A Zarras asked S Garner what had inspired her to motivate mental health? S Garner replied that she liked mental health. It was a difficult issue, but very interesting and exciting. The stigma had declined, and this had been helped by celebrities coming forward. We needed to normalise mental health and help each other and include people more.


S Bazzoni asked about male suicides, which were astronomically high. What was the main cause and were males in the younger generation less able to speak out? S Garner replied that females had bigger friendship groups and reached out more. Men were seen as strong, independent males and loneliness was a key factor that affected men more. It was ok to not be ok if you were a young man.


Councillor M Sartin asked of the 18,000 referrals this year, had more females in Essex self-referred? S Garner advised that more males were referred by parents and teachers, but she could provide the breakdown of the figures after the meeting. It was noted that the Democratic and Electoral Services Manager would be able to circulate these to members after the meeting.


Councillor A Patel asked how the outcome for a child was measured and what evaluation was done that the right treatment had been provided? S Garner advised that they used a clinical outcome. The GAD (generalised anxiety disorder) score was used and the PHQ-9 (public health questionnaire depression test) score. There was also the patient experience group and a group of young ambassadors provided vital feedback, which was used to improve services. The mental health sector was ever moving forwards and they were continuously adding services. The sector had to listen to these children and every year the Mental Health Transformation Programme Annual Report was published, which was a national document due yearly in September.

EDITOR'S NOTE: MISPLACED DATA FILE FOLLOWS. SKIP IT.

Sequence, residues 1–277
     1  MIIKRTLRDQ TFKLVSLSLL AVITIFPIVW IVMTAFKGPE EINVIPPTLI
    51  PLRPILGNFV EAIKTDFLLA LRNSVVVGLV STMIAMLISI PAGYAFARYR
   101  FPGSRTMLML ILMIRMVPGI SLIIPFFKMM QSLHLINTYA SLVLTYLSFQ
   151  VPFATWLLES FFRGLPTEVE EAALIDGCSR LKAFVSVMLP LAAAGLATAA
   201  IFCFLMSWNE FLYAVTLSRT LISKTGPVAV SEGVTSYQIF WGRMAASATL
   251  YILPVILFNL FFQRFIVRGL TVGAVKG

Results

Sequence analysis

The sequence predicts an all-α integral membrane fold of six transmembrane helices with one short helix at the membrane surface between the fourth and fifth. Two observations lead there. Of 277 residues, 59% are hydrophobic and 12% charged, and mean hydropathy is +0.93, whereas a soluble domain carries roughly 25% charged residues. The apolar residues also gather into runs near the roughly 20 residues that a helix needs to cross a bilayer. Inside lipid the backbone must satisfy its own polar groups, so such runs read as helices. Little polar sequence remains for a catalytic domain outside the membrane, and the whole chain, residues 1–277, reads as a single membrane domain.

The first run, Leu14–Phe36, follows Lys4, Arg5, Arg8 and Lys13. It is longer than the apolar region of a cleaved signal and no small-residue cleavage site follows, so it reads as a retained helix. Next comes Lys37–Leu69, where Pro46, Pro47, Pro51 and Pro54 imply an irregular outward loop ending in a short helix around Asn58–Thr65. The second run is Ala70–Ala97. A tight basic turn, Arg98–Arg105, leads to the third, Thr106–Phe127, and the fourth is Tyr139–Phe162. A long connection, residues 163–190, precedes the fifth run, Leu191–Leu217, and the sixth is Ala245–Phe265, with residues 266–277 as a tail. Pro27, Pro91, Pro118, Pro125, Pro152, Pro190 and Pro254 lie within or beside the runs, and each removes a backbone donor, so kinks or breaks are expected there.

The Chairman thanked S Garner for attending and presenting an overview of the young people’s mental health services and answering all of their questions. It had been very illuminating especially the help given to a large number of people in the wider area of Essex. It was very important that mental health was out there in the public domain and that the youth councillors had been able to participate during the meeting.




(1)          That the external scrutiny by the Committee of young people’s mental health services in Epping Forest and Essex, be noted;


(2)          That the presentation slides of the flowcharts be added to the minutes; and


(3)          That the Democratic and Electoral Services Manager was to circulate the breakdown and figures of self-referrals by females/males in the past year to members.